Damned if you do, damned if you don’t: will party conferences go ahead this autumn?

The coronavirus pandemic has permeated every sector of society, with no business, organisation or charity left untouched – including in the political sphere.

What is the cost to the parties of not going ahead with this year's conferences? (pic credits for Johnson and Corbyn: Getty Images)
What is the cost to the parties of not going ahead with this year's conferences? (pic credits for Johnson and Corbyn: Getty Images)

This week, industry professionals and the wider public were confronted with the stark new reality of political discourse as Prime Minister’s Questions – usually a rowdy and raucous weekly event – was conducted in a near-empty House of Commons, populated only by key Cabinet ministers, a smattering of the opposition and Dominic Raab, who continued to deputise for the Prime Minister during his convalescence from COVID-19.

MPs, called in turn by the Speaker, asked their questions by video link, with none of the cheers and boos that usually accompany both question and answer.

For those who dislike ‘Punch and Judy politics’, this was perhaps a welcome departure from the usual fare, but it also served to underline how unusual British political life has become.

Social distancing is the new normal and gatherings of people are banned by law during the crisis.

Under these circumstances, how can the political parties hope to go ahead with their annual conferences this autumn, and what is the political cost – in terms of selling their messages and policies to the public – if they do not?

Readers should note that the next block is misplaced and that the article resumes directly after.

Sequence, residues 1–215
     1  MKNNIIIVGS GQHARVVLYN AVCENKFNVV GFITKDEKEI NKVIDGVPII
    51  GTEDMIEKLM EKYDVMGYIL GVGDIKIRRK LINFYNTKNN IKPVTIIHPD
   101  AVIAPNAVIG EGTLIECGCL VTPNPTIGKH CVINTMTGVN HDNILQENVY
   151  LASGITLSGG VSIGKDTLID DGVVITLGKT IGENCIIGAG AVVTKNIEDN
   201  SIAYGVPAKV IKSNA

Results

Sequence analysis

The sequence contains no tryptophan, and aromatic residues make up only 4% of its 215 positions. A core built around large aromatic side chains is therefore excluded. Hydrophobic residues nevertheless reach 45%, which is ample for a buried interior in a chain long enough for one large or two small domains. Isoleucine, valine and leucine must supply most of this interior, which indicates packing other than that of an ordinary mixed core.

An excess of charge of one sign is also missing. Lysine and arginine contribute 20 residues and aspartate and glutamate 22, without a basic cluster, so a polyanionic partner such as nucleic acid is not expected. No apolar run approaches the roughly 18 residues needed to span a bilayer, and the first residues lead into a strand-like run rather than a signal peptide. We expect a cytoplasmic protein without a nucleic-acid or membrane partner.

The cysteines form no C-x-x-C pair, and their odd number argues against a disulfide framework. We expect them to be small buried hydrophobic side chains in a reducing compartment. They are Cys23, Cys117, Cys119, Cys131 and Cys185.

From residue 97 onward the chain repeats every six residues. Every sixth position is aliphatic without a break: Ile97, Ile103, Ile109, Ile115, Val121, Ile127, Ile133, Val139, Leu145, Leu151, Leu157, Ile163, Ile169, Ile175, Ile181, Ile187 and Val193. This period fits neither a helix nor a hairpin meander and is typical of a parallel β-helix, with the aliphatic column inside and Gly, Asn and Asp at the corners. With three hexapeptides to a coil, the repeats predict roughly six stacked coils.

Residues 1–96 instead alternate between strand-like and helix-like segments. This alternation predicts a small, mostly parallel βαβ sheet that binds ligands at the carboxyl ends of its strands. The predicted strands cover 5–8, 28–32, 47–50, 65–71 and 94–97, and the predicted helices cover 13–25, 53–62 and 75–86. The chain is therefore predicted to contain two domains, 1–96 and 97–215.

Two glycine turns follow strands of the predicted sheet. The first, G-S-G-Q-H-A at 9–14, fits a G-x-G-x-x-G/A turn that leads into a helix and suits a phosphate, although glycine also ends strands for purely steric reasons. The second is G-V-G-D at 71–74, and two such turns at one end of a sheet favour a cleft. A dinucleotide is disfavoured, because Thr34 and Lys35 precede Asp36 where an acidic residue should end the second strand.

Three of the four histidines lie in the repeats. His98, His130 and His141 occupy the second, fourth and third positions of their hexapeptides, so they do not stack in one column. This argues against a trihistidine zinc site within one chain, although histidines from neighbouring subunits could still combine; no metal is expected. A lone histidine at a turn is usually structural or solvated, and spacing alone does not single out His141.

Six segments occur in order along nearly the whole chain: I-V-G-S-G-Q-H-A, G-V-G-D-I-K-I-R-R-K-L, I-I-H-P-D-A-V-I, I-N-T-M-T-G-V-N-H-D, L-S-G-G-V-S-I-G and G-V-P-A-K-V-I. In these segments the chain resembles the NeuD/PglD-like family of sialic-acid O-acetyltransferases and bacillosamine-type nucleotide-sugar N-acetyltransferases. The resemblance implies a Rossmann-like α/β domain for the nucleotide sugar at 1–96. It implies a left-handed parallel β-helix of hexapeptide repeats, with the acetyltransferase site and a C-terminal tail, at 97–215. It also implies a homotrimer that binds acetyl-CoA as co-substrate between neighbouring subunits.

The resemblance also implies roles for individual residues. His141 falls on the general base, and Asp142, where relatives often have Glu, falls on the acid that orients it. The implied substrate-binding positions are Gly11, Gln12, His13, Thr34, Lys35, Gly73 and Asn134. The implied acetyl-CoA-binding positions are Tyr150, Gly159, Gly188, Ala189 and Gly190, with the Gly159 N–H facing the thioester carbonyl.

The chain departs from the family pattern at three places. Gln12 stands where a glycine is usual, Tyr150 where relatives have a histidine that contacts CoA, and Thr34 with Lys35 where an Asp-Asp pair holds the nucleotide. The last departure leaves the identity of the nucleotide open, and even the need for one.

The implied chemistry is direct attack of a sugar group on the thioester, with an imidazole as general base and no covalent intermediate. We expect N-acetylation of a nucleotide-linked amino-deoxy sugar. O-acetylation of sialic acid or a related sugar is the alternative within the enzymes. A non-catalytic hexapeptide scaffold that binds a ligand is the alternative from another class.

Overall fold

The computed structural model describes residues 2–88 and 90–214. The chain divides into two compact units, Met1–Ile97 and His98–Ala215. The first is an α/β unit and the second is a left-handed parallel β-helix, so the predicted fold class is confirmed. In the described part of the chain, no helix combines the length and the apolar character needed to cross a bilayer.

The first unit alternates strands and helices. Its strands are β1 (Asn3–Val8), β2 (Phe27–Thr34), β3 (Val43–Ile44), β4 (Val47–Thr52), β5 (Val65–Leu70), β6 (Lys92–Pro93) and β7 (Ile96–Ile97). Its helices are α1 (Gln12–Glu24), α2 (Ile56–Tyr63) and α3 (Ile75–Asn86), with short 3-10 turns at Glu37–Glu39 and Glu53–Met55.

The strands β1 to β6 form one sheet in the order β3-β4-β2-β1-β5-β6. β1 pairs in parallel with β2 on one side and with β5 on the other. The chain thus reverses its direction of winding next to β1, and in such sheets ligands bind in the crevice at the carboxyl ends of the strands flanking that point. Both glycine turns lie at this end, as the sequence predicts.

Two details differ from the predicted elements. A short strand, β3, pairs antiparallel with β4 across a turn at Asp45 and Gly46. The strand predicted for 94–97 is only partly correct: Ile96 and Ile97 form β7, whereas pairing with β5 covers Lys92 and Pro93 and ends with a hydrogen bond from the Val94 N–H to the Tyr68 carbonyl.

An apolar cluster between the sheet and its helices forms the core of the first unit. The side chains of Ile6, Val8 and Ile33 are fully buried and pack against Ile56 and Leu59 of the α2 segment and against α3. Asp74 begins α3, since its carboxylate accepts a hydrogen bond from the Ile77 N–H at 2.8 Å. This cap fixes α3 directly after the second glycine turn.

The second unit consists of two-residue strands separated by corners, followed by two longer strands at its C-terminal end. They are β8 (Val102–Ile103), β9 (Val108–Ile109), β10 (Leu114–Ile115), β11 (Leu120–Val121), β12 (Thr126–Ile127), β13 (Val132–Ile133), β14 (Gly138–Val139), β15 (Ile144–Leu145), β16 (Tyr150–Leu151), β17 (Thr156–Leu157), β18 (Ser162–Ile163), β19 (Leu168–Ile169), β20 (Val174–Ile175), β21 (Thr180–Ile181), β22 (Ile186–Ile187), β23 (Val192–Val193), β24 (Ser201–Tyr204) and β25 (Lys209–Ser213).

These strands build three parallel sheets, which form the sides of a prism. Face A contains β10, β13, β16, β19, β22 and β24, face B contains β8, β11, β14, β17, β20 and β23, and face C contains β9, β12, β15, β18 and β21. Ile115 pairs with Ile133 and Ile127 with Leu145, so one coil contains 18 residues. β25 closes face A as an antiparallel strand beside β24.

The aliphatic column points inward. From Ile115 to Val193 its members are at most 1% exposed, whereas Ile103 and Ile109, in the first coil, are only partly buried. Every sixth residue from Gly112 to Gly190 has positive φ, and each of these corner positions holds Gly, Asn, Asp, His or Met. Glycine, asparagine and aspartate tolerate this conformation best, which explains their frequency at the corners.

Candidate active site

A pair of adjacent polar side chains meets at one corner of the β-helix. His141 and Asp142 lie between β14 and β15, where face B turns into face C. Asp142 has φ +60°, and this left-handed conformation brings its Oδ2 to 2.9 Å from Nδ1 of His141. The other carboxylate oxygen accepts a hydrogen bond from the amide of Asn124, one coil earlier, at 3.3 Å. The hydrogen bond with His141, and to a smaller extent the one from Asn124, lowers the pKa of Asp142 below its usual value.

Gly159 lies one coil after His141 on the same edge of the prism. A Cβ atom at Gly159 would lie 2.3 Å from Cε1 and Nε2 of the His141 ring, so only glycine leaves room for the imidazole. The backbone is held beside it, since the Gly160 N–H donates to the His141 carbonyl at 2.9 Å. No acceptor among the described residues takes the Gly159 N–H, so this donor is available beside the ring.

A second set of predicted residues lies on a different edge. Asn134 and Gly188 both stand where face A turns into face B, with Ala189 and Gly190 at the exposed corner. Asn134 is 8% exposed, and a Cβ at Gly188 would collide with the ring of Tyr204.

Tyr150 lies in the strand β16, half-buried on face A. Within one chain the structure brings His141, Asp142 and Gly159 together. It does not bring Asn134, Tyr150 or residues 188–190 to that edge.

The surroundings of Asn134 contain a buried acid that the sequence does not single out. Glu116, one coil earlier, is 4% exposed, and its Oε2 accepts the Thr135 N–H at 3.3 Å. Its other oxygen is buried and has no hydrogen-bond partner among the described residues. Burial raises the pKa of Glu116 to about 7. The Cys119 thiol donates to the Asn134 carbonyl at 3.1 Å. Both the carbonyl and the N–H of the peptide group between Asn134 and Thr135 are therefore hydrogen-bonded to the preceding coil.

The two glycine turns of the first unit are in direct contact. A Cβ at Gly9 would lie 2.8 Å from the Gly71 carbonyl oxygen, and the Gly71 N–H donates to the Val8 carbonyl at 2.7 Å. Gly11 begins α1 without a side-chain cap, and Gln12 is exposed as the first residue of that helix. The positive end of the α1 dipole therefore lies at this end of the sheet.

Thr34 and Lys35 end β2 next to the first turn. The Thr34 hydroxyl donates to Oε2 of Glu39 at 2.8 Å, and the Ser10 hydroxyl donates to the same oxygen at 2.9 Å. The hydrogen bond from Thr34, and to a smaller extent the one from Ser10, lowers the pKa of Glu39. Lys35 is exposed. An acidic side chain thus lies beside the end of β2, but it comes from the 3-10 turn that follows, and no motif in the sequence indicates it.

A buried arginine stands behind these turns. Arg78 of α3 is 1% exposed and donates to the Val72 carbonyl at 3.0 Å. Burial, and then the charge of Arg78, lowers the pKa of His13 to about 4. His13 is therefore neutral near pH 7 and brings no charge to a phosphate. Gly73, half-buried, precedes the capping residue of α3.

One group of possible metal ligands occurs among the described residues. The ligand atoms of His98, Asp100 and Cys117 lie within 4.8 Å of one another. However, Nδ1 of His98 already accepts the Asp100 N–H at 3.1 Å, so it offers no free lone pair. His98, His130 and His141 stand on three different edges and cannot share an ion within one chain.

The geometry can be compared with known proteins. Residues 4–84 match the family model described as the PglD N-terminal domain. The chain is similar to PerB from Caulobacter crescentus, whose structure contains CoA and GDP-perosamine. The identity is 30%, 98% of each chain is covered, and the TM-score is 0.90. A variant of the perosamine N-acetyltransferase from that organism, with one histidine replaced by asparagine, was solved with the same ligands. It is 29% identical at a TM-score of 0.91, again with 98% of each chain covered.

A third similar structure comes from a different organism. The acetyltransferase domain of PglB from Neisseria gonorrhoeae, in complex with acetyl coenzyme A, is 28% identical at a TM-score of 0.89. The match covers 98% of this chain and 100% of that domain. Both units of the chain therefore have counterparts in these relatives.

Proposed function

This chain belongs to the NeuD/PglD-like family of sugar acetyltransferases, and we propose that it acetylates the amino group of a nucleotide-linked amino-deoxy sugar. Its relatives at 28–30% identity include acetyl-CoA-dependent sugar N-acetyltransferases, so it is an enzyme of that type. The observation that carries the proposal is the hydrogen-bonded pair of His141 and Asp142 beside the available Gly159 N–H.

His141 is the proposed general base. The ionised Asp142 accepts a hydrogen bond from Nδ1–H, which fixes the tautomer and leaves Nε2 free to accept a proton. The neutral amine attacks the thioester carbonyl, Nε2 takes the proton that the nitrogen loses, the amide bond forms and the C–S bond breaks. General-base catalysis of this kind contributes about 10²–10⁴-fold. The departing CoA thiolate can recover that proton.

The conferences may still be six months away, but a vast amount of planning goes into them and whether this can still be achieved in a short period of time – if restrictions were suddenly lifted – remains to be seen.

Public backlash

The pitfalls of cancelling the conferences could be severe, but so too could be the reputational cost of going ahead with them for selfish party political reasons.

Stuart Thomson (below), head of public affairs at BDB Pitmans LLP, thinks a mass gathering of people in an air-conditioned conference hall could even be the perfect breeding ground for a resurgence of COVID-19.

Stuart Thomson

He said: “Any mass political gathering runs the risk of seeming selfish at a time when, hopefully, everyday life will be getting back to normal. The public could well believe that special rules apply to politicians if they can hold their party conferences while other aspects of everyday life are not back to normal. In those circumstances, the backlash could be enormous.”

Giles Kenningham, former head of political press at Number 10 under David Cameron and founder of public affairs agency Trafalgar Strategy, is even more emphatic.

He said: “I can't see a situation where this would happen. The public must always come first. There's no way the politicians can compromise the safety of the public.”

Sean Kemp, a former head of media for the Lib Dems and now a director at MSL, is clear on the reputational cost of going ahead.

He said: “If any party went ahead with a conference, against the advice the public were being given, the reputational damage would totally outweigh any gains. I can’t imagine any party holding the conference unless they’re absolutely sure it would be considered appropriate.”

Damned if you do, damned if you don’t?

It seems clear that going ahead against advice or with a freedom that the wider public were not yet enjoying would come at a terrible cost for any party which risked this.

But the prospect of cancelling them altogether, and the impact that might have on the ability of a party to get its message and policy platform across to the public and media, is also unpalatable – particularly for the parties not in government.

Sean Kemp